Every few years the idea circulates at the Capitol that it sure would be a good idea to start using the state's pension money to invest in exotic business ventures.
During the Roy Barnes administration there was a proposal to amend state law so that the money in public pension plans could be steered to such private equity investments as leveraged buyout funds, venture capital funds and timberland.
A few years later, during the Sonny Perdue administration, several bills were introduced that would have authorized the retirement systems to put billions of dollars into similar investment alternatives.
None of those proposals made it into law, but the urge to gamble with the state's pension money never goes away. Our governor and legislators cannot long resist the temptation to play around with those funds.
This year, one of the smaller state pension systems — the Georgia Firefighters' Pension Fund — was allowed to put some of its money into alternative funds that invest in startup business ventures and the debts of financially ailing companies.
Gov. Nathan Deal recently told the Georgia Research Alliance he supports ending the ban on alternative investments for the other pension systems, which is a sure indication that such legislation will be passed next year.
Supporters of these exotic investments contend they will earn higher returns for the pension plans than the more conservative stocks and bond funds that draw these systems' investments. The billions socked away in state pension funds can also boost economic development by providing venture capital for startup businesses, supporters say.
They rarely mention that these alternative investments carry much higher risks as well, upping the odds that the pension plans could lose the money they invest in these business schemes.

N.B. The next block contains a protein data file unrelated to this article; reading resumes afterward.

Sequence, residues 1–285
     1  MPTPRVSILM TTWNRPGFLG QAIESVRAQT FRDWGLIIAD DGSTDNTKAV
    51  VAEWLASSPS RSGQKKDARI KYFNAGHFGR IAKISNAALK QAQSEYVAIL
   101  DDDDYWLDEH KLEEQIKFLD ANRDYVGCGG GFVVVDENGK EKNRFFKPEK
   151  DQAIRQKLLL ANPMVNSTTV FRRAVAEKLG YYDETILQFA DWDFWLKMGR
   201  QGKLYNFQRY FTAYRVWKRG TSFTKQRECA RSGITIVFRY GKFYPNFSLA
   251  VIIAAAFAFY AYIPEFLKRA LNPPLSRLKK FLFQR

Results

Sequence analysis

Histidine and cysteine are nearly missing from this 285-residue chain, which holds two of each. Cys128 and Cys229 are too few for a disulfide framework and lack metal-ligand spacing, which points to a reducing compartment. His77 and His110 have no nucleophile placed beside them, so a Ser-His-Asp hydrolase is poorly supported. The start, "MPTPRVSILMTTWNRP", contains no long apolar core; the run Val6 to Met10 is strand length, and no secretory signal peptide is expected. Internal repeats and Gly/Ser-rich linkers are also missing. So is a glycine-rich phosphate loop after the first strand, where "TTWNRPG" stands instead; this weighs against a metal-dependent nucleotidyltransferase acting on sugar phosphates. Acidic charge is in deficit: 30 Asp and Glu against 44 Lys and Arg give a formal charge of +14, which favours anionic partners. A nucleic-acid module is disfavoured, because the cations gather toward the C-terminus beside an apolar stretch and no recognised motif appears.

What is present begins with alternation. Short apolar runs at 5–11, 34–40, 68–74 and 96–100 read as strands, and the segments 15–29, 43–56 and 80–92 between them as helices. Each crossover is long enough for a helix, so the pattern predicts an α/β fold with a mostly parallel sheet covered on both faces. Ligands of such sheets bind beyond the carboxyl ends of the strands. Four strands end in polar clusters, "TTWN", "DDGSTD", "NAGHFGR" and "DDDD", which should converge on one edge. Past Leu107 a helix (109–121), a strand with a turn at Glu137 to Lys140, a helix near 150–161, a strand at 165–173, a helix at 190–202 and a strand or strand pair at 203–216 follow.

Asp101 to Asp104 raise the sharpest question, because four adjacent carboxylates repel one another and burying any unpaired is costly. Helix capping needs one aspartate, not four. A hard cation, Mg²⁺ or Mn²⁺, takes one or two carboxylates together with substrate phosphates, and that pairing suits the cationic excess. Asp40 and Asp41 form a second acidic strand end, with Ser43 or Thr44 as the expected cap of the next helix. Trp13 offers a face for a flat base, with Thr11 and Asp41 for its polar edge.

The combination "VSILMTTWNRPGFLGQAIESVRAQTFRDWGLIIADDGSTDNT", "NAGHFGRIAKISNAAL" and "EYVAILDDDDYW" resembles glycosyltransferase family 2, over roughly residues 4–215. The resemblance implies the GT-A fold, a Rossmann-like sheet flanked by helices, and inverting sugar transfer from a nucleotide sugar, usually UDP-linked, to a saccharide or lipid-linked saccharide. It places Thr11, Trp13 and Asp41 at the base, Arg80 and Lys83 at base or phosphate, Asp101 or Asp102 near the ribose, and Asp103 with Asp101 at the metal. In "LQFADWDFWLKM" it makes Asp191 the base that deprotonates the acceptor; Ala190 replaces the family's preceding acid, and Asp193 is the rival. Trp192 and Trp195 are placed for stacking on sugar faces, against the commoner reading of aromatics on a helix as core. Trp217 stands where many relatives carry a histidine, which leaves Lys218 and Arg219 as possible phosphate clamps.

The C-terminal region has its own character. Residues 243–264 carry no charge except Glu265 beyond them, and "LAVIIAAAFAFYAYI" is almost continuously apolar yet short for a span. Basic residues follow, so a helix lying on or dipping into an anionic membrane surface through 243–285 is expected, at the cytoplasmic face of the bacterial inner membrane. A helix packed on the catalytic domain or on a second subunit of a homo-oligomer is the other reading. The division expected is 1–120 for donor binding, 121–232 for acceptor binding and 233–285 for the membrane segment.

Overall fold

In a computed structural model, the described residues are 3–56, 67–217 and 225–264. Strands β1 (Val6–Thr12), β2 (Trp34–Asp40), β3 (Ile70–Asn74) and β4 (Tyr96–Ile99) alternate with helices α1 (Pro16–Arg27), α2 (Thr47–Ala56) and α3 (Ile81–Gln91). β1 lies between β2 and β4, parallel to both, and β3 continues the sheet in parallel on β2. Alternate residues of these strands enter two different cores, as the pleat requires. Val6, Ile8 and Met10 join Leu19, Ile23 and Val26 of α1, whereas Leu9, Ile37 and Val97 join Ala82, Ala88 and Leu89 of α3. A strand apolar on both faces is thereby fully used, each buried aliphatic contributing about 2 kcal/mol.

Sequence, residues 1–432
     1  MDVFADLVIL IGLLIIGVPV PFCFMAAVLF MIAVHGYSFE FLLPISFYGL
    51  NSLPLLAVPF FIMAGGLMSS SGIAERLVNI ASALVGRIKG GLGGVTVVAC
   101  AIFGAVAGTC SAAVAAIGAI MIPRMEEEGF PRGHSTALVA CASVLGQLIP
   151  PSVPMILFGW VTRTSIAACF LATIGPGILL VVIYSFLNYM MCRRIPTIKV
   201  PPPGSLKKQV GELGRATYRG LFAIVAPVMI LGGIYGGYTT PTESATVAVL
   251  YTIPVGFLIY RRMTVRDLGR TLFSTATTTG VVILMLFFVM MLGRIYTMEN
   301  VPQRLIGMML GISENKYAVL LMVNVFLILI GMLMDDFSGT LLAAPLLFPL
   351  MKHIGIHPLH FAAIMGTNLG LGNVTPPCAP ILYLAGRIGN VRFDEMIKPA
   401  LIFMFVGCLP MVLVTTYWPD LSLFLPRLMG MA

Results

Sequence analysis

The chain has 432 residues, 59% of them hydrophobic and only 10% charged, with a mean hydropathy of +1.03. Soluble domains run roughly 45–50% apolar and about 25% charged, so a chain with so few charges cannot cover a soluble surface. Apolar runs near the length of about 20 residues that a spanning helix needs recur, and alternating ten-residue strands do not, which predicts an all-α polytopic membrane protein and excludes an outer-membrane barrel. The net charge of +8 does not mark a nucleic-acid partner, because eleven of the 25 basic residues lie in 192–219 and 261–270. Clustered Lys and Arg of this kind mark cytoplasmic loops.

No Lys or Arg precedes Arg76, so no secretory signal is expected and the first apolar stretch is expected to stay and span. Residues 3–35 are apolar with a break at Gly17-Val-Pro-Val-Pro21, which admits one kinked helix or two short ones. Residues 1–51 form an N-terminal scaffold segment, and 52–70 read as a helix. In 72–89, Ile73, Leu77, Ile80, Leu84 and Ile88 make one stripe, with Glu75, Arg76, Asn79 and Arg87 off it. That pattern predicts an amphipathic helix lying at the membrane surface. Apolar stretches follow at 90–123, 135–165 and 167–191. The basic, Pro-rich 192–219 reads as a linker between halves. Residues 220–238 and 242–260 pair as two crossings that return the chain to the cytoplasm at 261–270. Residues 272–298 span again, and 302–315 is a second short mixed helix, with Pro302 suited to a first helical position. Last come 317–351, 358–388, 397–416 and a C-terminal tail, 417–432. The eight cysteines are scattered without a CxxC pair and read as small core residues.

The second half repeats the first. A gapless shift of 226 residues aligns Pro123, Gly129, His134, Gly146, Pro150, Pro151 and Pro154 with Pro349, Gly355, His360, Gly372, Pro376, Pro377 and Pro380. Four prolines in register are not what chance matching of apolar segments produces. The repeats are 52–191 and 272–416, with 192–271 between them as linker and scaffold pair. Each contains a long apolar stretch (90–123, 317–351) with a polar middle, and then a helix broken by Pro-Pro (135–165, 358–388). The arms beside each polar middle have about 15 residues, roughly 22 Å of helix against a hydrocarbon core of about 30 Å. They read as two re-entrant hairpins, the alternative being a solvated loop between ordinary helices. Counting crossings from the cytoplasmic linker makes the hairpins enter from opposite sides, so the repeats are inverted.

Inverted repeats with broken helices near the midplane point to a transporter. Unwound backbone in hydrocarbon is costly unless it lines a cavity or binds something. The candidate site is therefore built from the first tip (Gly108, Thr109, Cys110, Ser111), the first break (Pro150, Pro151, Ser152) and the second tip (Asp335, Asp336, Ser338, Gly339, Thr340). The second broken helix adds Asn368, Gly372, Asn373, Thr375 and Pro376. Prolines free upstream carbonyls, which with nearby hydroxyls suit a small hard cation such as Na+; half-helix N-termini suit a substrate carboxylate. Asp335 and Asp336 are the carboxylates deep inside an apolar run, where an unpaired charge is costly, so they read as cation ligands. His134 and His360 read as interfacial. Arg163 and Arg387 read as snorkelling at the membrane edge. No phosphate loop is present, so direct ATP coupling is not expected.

The two largest plans are the Employees' Retirement System and the Teachers Retirement System. They use their nearly $60 billion in total assets to pay monthly benefits to more than 150,000 retired state employees and teachers. I don't think these retirees would feel very good about knowing their future pension checks are being gambled on startup business ventures.
When the diversification of pension funds was first discussed more than a decade ago, the chairman of the ERS board of trustees identified another troublesome possibility.
"The main problem is people who start to apply pressure to the governor or other politicians because they're starting a venture capital fund and they want to get $10 million or $20 million in state money," said Michael Kennedy. "We want to take as much politics off the table as possible."
Let's think about this as well: We have a governor whose track record as an investor is not one that would normally inspire confidence. Deal lost more than $2 million in a failed business started by one of his daughters and is still trying to pay off the debts associated with that venture.
The governor now thinks it's a good idea to invest state pension funds in startup business ventures. If I were a retiree, I might have some questions about that.
Keep in mind that our retirement systems traveled this high-risk, high-reward path before and lost quite a lot of money.
From October 1998 to November 2001, the state's two largest pension systems spent $166 million to purchase more than 2.5 million shares of stock in the high-flying Texas energy company Enron, thinking they would get better returns on their money than they would from more conservative investments.
Unfortunately for our pension plans, Enron's management ranks included a fair number of con artists and hustlers who ran the company into one of the largest bankruptcy filings in American history in December 2001.
Enron's stock price quickly plummeted from more than $90 a share to 25 cents a share. Georgia's retirement plans ended up with net losses of $127 million from that attempt at diversification.
That's essentially what Deal and the other proponents of raiding the pension funds want to do now - allow the systems to make similar kinds of high-risk investments in hopes that they might earn larger returns on their money.
Perhaps it will work this time. If it doesn't work out, however, then a lot of retired teachers and government employees could be facing a very uncertain financial future.